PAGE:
List of Preparers. This section includes a list of the individuals primarily responsible for preparing the EIS or technical reports. Preparers are identified by name, qualifications, expertise, experience, and professional discipline.

Record Of Decision (ROD). The ROD is the final step in the EIS process and may not be issued sooner than 30 days after the approved final EIS is distributed nor 90 days after the Draft EIS is circulated.

The ROD identifies the selected alternative, presents the basis for the decision, identifies all the alternatives considered, specifies the “environmentally preferable alternative,” and provides information on the adopted means to avoid, minimize and compensate for environmental impacts.

plus sign Environmental Assessment (EA)
minus sign Environmental Assessment (EA)

Environmental assessment means a concise public document for which a Federal agency is responsible that serves to (40 CFR 1508.9):

  1. Briefly provide sufficient evidence and analysis for determining whether to prepare an environmental impact statement or a finding of no significant impact.
  2. Aid an agency’s compliance with the Act when no environmental impact statement is necessary.
  3. Facilitate preparation of a statement when one is necessary.

Shall include brief discussions of the need for the proposal, of alternatives as required by section 102(2)(E), of the environmental impacts of the proposed action and alternatives, and a listing of agencies and persons consulted.

When the significance of impacts of a transportation project proposal is uncertain, an environmental assessment (EA) is prepared to assist in making this determination. If it is found that significant impacts will result, the preparation of an environmental impact statement (EIS) should commence immediately.

FHWA must approve an EA before it is made available to the public. EAs do not need to be circulated but they must be made available to the public through notices of availability in local, state, or regional clearinghouses, newspapers and other means. Depending on the FHWA-approved state public involvement procedures, a public hearing may or may not be required. A 30 day review period is required but may be reduced in rare circumstances.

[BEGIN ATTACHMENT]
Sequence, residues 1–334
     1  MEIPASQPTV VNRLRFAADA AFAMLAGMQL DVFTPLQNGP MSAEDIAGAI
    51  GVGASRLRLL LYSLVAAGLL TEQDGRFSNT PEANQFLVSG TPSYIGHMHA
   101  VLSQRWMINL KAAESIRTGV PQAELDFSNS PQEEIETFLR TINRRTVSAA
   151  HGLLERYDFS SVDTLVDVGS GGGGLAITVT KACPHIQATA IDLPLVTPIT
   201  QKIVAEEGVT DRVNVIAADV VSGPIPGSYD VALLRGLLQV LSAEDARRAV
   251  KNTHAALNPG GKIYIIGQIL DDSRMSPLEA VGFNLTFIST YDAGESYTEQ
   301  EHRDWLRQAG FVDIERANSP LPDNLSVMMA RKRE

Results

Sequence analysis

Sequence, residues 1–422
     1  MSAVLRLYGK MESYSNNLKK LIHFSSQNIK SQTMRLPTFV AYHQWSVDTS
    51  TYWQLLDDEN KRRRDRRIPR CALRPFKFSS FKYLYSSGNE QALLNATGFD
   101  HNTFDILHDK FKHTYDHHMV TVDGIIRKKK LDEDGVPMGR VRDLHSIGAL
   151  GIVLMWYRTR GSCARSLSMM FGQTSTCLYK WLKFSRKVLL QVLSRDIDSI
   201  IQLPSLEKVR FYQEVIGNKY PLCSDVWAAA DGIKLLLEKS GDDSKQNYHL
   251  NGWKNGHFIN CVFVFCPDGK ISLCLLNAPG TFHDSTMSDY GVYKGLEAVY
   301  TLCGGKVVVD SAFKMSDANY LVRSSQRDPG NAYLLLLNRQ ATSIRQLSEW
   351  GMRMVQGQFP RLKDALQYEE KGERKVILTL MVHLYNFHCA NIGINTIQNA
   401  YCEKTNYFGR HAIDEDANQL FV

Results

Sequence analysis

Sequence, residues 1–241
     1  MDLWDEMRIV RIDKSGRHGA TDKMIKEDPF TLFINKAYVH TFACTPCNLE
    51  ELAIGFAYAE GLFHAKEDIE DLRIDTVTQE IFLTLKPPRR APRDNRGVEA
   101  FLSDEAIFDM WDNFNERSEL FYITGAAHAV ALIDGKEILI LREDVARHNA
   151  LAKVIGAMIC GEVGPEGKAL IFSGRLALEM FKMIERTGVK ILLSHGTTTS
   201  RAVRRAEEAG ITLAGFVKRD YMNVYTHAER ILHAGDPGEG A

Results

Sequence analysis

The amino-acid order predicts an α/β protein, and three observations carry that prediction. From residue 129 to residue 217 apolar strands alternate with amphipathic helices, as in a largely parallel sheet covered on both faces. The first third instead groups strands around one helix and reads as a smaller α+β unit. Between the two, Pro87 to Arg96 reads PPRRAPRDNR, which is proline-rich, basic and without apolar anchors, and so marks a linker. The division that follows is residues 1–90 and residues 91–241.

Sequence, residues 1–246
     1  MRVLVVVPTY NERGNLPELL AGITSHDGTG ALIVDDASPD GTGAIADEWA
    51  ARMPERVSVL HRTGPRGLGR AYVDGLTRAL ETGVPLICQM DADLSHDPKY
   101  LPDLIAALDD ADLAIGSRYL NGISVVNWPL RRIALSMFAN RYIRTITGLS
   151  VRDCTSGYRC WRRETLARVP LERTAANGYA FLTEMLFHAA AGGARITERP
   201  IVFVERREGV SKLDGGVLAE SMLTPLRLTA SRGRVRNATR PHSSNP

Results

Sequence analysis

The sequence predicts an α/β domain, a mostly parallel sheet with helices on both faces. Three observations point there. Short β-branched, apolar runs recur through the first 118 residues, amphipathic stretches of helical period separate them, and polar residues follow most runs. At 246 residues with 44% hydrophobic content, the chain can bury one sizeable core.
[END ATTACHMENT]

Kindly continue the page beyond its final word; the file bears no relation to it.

After public comments are received and considered, a determination of the significance of the impacts is made:

  • If at any point in the process of preparing an EA it is discovered that the project would result in significant impacts an environmental impact statement (EIS) must be prepared.
  • If, after completing the EA, it is evident that there are no significant impacts associated with the project, a finding of no significant impact (FONSI) may be prepared.

Finding of No Significant Impact (FONSI)

If it is determined that there will be no significant impacts a finding of no significant impact (FONSI) will be prepared to conclude the process and document the decision. A FONSI is issued when environmental analysis and interagency review during the EA process find a project to have no significant impacts on the quality of the environment. The FONSI document is the EA modified to reflect all applicable comments and responses. If it was not done in the EA, the FONSI must include the project sponsor’s recommendation or selected alternative. No formal public circulation of the FONSI is required, but the state clearinghouse must be notified of the availability of the FONSI. In addition, FHWA recommends that the public be notified through notices in local newspapers.